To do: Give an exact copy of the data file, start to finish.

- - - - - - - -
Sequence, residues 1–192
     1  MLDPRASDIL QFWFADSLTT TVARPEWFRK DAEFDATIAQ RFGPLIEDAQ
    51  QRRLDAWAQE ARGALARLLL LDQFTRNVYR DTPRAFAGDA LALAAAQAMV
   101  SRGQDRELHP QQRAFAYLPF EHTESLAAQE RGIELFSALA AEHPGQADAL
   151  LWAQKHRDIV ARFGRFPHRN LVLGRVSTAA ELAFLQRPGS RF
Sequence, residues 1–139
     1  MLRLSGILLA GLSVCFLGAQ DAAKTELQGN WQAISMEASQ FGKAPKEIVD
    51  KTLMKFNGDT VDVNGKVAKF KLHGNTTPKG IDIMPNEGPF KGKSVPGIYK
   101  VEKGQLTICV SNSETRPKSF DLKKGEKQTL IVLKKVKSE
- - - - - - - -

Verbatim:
Sequence, residues 1–192
     1  MLDPRASDIL QFWFADSLTT TVARPEWFRK DAEFDATIAQ RFGPLIEDAQ
    51  QRRLDAWAQE ARGALARLLL LDQFTRNVYR DTPRAFAGDA LALAAAQAMV
   101  SRGQDRELHP QQRAFAYLPF EHTESLAAQE RGIELFSALA AEHPGQADAL
   151  LWAQKHRDIV ARFGRFPHRN LVLGRVSTAA ELAFLQRPGS RF
Sequence, residues 1–139
     1  MLRLSGILLA GLSVCFLGAQ DAAKTELQGN WQAISMEASQ FGKAPKEIVD
    51  KTLMKFNGDT VDVNGKVAKF KLHGNTTPKG IDIMPNEGPF KGKSVPGIYK
   101  VEKGQLTICV SNSETRPKSF DLKKGEKQTL IVLKKVKSE